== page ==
Kilvaxter Souterrain entrance
Kilvaxter Souterrain entrance

In 2000 a period of heavy rain hit the north-west coast of Skye's Trotternish peninsula. The downpour of rain caused a hole to suddenly appear in a farm field at Kilvaxter, just north-east of the township's hall. Investigation of the hole uncovered ancient stonework, and evidence of an Iron Age souterrain. The passage was excavated by local volunteers under the direction of archaeologists, then restored and opened to the public.

A souterrain is a form of underground passage, often with small chambers off a central tunnel. The name is quite descriptive; it comes from the French 'sous terrain', or simply, underground.

No one knows for certain what they were used for, but the most likely answer is that they were a form of underground storage to keep foodstuffs cool so they would last longer and provide sustenance throughout the winter. Some archaeologists have suggested that they were used for burials or other ritual observances, but there is no evidence to support this theory. Nor does it seem likely that they were a place of refuge from attack. For one thing, if the souterrain was discovered the attackers could simply seal it and starve the inhabitants.

The ancient residents of Cornwall had a similar underground storage passage called a fogou. There are some 20 other souterrains on Skye, but none are as easy to get to as this one. It is possible that some of the other souterrains were filled in or destroyed by landowners who did not want visitors coming to see them, but thankfully the people of Kilvaxter were determined to restore their souterrain and make it accessible to visitors.

The souterrain passage
The souterrain passage

The souterrain at Kilvaxter is roughly 20m long (about 66 feet), and is built with drystone wall sides, topped with large lintel slabs. There are just two openings; a ventilation shaft at the far end and a sloping entrance at ground level. There is a small chamber just inside the entrance. The passage is high enough to walk, or waddle if you are tall, though the entrance is relatively low. The floor is gravelled, though this is probably not an original feature.

The passage would have been screened by a door woven from willow, set in a wooden frame, to deter animals. The sides of the passage would have been lined with barrels of cheese, butter, and other perishable foodstuffs, wrapped in straw and animal skins for insulation.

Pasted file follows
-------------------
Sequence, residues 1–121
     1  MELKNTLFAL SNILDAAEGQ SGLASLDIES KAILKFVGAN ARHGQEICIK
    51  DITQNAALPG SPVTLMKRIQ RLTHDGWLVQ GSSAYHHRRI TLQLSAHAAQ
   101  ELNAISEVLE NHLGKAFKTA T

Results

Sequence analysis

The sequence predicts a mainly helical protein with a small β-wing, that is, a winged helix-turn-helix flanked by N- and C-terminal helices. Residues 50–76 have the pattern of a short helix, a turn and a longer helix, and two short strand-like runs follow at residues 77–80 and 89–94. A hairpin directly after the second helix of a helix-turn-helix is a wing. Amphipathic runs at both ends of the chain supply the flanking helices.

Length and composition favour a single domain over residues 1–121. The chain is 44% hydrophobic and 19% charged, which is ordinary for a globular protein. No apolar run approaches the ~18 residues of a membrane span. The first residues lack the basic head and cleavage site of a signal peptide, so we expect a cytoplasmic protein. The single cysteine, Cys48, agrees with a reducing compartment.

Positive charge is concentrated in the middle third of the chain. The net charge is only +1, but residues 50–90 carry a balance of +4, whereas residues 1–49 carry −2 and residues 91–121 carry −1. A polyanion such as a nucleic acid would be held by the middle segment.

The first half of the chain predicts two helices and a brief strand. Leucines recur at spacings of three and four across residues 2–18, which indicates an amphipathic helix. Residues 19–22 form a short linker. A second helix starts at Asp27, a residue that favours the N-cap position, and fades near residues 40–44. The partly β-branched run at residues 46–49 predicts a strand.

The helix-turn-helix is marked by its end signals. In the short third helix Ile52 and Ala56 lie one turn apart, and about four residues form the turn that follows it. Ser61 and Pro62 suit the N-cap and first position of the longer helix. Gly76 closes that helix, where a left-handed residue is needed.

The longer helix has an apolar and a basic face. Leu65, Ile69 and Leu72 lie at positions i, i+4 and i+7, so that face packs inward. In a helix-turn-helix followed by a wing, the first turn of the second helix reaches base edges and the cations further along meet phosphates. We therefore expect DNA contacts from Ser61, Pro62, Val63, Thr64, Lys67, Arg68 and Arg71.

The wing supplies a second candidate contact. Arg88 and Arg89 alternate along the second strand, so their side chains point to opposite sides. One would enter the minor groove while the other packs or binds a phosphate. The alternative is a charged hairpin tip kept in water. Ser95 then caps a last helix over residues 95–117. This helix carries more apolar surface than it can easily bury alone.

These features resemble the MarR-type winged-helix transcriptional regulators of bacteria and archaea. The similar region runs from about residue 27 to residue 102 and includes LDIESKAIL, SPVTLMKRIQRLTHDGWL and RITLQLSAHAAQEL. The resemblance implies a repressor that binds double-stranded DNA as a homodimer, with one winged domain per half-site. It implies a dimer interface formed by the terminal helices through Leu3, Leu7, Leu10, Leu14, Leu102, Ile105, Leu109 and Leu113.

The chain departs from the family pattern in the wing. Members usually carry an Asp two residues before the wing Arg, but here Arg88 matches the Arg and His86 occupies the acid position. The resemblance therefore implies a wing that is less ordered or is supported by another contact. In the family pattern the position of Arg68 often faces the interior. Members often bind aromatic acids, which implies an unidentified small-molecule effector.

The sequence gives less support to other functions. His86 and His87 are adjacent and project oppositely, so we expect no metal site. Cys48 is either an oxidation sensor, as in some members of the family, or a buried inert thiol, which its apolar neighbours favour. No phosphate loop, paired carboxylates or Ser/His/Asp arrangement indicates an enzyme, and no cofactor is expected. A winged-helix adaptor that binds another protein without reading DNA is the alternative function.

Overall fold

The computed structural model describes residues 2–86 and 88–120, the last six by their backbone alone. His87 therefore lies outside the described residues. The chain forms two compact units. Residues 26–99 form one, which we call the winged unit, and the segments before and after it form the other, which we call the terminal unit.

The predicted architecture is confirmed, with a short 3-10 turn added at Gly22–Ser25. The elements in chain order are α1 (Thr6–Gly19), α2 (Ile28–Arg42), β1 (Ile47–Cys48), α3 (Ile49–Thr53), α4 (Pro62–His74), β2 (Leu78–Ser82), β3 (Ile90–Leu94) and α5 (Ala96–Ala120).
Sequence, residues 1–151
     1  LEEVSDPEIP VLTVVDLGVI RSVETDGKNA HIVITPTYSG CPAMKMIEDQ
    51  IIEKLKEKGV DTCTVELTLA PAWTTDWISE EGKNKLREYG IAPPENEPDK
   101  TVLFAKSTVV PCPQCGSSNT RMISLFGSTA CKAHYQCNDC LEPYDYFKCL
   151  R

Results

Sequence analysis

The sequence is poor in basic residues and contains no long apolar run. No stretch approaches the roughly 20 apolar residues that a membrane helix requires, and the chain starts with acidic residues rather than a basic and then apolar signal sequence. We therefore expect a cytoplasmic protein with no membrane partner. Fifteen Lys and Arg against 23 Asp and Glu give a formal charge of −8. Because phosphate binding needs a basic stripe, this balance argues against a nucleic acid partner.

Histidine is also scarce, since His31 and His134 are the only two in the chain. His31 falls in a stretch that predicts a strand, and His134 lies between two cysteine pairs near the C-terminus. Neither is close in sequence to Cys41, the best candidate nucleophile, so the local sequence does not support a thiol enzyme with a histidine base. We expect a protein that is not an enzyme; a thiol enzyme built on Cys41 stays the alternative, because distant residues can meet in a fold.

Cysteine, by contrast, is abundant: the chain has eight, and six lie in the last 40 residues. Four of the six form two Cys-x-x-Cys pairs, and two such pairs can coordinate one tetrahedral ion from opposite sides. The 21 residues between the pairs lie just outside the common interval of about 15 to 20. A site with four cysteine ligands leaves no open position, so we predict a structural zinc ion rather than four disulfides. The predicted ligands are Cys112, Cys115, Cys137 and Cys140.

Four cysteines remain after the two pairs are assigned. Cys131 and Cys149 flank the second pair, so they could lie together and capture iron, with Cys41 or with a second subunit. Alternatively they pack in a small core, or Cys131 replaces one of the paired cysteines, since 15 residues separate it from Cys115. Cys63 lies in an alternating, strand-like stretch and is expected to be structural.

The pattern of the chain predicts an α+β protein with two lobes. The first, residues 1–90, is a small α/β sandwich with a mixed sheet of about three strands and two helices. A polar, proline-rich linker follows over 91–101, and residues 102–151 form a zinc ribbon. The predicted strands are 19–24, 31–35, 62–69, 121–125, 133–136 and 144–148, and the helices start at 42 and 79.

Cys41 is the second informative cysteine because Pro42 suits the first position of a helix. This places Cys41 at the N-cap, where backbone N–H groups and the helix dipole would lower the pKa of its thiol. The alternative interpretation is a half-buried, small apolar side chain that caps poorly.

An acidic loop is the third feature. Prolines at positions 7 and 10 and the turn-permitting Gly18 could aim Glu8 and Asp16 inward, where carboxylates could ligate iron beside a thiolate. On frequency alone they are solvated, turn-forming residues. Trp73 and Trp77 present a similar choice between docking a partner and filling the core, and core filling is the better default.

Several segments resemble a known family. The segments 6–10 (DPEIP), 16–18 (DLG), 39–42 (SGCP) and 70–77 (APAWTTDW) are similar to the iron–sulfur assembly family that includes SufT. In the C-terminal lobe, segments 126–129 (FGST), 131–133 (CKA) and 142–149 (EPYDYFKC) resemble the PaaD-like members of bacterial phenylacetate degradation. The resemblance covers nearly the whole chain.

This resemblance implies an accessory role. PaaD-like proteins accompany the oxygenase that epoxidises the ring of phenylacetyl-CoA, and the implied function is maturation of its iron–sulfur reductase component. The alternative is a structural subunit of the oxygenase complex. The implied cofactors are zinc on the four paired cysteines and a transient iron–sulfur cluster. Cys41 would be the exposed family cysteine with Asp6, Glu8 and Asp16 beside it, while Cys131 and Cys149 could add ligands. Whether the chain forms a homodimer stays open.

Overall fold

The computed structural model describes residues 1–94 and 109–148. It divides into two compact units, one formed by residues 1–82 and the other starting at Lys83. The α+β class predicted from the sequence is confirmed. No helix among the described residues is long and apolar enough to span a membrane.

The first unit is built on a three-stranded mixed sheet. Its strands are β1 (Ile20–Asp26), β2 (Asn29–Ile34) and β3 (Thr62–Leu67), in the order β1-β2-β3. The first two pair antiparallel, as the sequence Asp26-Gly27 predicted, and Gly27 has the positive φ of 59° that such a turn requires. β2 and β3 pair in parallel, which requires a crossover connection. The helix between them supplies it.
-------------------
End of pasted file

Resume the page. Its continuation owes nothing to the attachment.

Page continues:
Nearby are the remains of an Iron Age farm thought to be associated with the builders of the souterrain.


The souterrain is easy to find. There is a signposted parking area north of the hall, at NG389696, and a path leads across the field for 200m or so. There is an information panel, and a very useful torch for the use of visitors. I do recommend bringing your own torch, or, even better, a hikers headlamp, for there is no illumination inside the souterrain. Also, if there has been recent rain, wear clothes that you don't mind getting muddy.

The passage is 1.5m high at its tallest, and only 0.75m wide, so it is not something to be tackled if you are claustrophobic. If you don't fancy navigating the passage you can follow the course of the souterrain above ground, and find the marker indicating where the chamber is located.

About Kilvaxter Souterrain
Address: A855, Kilvaxter, Isle of Skye, Highlands and Islands, Scotland
Attraction Type: Prehistoric Site
Location: Off the A855 at Kilvaxter just north of the Hall. Parking area by the roadside, then a short walk. Open access site. The nearest postcode is IV51 9YR.
Location map
OS: NG391696
Photo Credit: David Ross and Britain Express
Opening Details: Open access site, usually accessible at any reasonable time


HeritageWe've 'tagged' this attraction information to help you find related historic attractions and learn more about major time periods mentioned.

Find other attractions tagged with:

Iron Age (Architecture) -


Heritage Rated from 1- 5 (low-exceptional) on historic interest

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